Ontario NDP Leader Andrea Horwath said at a news conference this month that Mr. Ford’s plan doesn’t go far enough to address Brampton’s needs. Under her plan, the local contribution would only be 10 per cent. The NDP has also promised to build a third hospital in Brampton, as well as a cancer care centre.
“I’m from Hamilton. My community is actually a little bit smaller in population than Brampton. We have three hospitals and we have a children’s hospital,” Ms. Horwath told reporters.
Liberal Leader Steven Del Duca has also promised to expand Peel Memorial and build a third hospital in Brampton. “I have been talking about this for years and understand that the people of this important and growing region desperately need improved access to health care,” he said in November.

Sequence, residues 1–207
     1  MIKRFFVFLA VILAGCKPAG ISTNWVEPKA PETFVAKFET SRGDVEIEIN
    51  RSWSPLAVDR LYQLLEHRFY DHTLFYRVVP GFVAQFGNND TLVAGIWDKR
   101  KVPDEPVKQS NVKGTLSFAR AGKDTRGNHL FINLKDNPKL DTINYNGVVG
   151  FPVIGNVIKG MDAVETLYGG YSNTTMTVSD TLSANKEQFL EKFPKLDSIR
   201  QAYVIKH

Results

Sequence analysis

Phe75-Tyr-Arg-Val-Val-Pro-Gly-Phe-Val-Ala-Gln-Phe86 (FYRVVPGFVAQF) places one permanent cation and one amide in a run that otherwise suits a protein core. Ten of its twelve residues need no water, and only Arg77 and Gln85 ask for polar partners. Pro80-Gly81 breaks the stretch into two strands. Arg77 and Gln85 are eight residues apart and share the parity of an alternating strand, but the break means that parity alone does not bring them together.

Brampton’s health care system, already overwhelmed, was pushed to its limit during the pandemic’s most dire periods. Many residents, like Ms. Oberoi’s son, could not find hospital beds when they needed them.
William Osler said in a statement that it is doing what it can to serve the community, despite the fact that its emergency departments are some of the busiest in Canada.
“Throughout the pandemic, the communities we serve have been among the hardest hit, and Osler continues to focus efforts on recovering our services,” the statement said.
Ms. Aujla argued that health care in Brampton is severely underfunded because of an intersection of racial and class politics. “It’s not a coincidence that we are a racialized city and we are also underfunded,” she said.